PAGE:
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Clinico-Electrophysiological and genetic overlaps and magnetic resonance imaging findings in Charcot–Marie– Tooth disease: A pilot study from Western India p. 425
Satish Vasant Khadilkar, Nahush D Patil, Nikhil Dhananjay Kadam, Khushnuma A Mansukhani, Bhagyadhan A Patel
DOI:10.4103/aian.AIAN_316_17  PMID:29184351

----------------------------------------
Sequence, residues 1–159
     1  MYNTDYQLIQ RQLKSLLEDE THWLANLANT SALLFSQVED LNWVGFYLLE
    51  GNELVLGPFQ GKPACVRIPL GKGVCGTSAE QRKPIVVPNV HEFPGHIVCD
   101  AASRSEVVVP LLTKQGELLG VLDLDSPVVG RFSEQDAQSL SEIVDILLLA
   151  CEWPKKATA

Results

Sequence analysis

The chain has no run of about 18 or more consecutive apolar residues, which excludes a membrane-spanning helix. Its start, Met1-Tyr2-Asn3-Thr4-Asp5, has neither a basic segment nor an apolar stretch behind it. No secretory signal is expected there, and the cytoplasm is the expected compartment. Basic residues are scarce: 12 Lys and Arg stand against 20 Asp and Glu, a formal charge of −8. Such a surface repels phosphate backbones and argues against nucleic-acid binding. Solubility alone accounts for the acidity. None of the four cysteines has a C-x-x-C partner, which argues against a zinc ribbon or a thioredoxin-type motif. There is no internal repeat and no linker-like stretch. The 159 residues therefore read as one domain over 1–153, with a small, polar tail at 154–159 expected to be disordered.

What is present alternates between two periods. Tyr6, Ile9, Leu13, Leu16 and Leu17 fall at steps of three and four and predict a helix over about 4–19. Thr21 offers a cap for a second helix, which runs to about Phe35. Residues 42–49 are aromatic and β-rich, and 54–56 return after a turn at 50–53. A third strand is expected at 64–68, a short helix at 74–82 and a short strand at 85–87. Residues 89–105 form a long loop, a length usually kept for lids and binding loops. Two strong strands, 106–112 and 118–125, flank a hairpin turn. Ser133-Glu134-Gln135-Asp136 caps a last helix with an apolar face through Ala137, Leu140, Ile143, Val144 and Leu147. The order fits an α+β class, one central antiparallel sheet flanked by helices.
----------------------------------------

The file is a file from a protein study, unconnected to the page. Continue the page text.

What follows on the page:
Background: Charcot–Marie–Tooth (CMT) disease is clinically and genetically heterogeneous. There are no published series describing clinical, electrophysiological, and genetic information on CMT from the Indian subcontinent. Magnetic resonance imaging (MRI) neurography technique provides useful information about the plexus and roots and can be employed in patients with CMT. Settings and Design: A prospective, observational study carried out at a tertiary care hospital in Western India. Subjects and Methods: CMT patients fulfilling the UK Genetic Testing Network criteria were included. They underwent clinical, electrophysiological, radiological, and multigene panel testing. Results: Totally 22 patients (19 males, 3 females; 18 sporadic and 4 familial cases) were studied. Pes cavus (19), hammer toes (16), and scoliosis was seen in 1 patient. Electrophysiology revealed motor predominant neuropathy with 15 demyelinating (10 uniform and 5 multifocal) and 7 axonal patterns. Thickened lumbosacral plexuses on MRI neurography were evident in 6/10 studied patients, all 6 having demyelinating neuropathy. Genetic analysis identified PMP22, GJB1, SH3TC2, HSPB1, SPTLC2, MPZ, AARS, and NEFH gene mutations. Conclusions: This small series documents the pattern of CMT neuropathies as seen in Western India. Clinico-electrophysiological and genetic diagnosis showed general concordance some overlaps and reiterated advantages of gene panel testing in this heterogeneous group of neuropathies. MRI neurography was useful as an additional investigation to detect nerve enlargement in patients with demyelinating neuropathies.